At the project level, what investigations need to be undertaken before a decision is taken on investment and what role can a Central Projects Bureau play in these investigations? There is a need to establish the priority of the project, determine its feasibility, and discover the changes in government policies, operations, or institutions which may be necessary to ensure the successful implementation and functioning of the project. The study, therefore, covers the full range from a basic resource inventory and studies of alternate development patterns to the functional design, preliminary engineering, and financial or economic analysis. It would also, where necessary, cover the analysis of project-related organizations, administrative problems, manpower resources, training requirements, and similar activities. There are certain general basic examinations which need to be undertaken and which should be described briefly to explain the functions to be performed by the Central Projects Bureau, but it should be remembered that each project has its own idiosyncrasies. The position is well described by Hugh B. Ripman in his article “Project Appraisal” 6 where he states, “It is in the nature of the subject that no treatment can be exhaustive. The fact that no project is exactly like another, that every project has its own peculiar problems, provides the interest and challenge of appraisal work.”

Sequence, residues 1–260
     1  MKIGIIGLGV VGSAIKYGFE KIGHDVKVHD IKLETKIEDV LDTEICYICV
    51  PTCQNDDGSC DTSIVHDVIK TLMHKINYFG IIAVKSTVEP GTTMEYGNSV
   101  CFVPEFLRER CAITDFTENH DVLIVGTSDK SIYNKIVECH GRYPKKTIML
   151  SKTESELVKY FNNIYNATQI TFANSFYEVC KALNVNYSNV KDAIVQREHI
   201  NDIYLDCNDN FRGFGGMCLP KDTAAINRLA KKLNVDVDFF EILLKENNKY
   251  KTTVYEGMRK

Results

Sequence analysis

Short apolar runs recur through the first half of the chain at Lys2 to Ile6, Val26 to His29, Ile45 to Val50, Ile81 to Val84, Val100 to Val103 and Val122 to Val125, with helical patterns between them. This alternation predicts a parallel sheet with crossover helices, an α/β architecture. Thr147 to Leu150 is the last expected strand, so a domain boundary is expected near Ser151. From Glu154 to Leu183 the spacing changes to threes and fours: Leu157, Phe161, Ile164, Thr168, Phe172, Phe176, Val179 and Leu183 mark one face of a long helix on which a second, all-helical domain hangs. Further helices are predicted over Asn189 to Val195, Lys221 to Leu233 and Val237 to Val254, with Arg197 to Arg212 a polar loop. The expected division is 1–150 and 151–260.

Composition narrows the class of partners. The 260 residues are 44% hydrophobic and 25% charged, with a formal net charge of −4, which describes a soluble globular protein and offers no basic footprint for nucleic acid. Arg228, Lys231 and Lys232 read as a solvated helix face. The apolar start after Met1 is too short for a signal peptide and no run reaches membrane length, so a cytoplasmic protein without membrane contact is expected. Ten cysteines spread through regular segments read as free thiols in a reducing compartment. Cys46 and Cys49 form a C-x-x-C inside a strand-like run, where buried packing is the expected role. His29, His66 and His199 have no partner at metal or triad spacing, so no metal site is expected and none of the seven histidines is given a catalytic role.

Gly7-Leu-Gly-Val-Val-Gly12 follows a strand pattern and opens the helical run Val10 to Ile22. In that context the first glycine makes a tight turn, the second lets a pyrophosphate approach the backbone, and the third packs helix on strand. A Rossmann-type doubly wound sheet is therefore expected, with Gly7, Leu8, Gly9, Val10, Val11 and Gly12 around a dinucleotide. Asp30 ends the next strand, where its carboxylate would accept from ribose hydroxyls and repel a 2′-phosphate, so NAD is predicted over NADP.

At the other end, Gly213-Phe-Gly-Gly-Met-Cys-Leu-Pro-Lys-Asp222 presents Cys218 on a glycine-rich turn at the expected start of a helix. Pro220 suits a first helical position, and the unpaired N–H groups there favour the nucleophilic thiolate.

The study of a project is made from a number of aspects, namely, economic, technical, managerial, commercial, and financial, and goes through a number of stages before it is ready for financing. Since project preparation is a skilled operation requiring people of different disciplines working together if the project is to be undertaken successfully, the Central Projects Bureau recruits the necessary permanent staff to undertake the basic work and is responsible for recruiting consultants who undertake the more specialized work. If there should be only one project requiring special knowledge and experience, it would be wasteful to try to employ a specialist full time and make him a member of the Central Projects Bureau. Therefore, the Bureau makes use of short-term consultants or consulting firms, bringing them in so that their specialties can be used fully and then coordinating their reports and recommendations with those of the specialists in the technical ministries and those stationed in the Central Projects Bureau. The Central Projects Bureau has a part to play in all the activities described earlier, but in addition has certain important specific responsibilities that need to be explained and appreciated.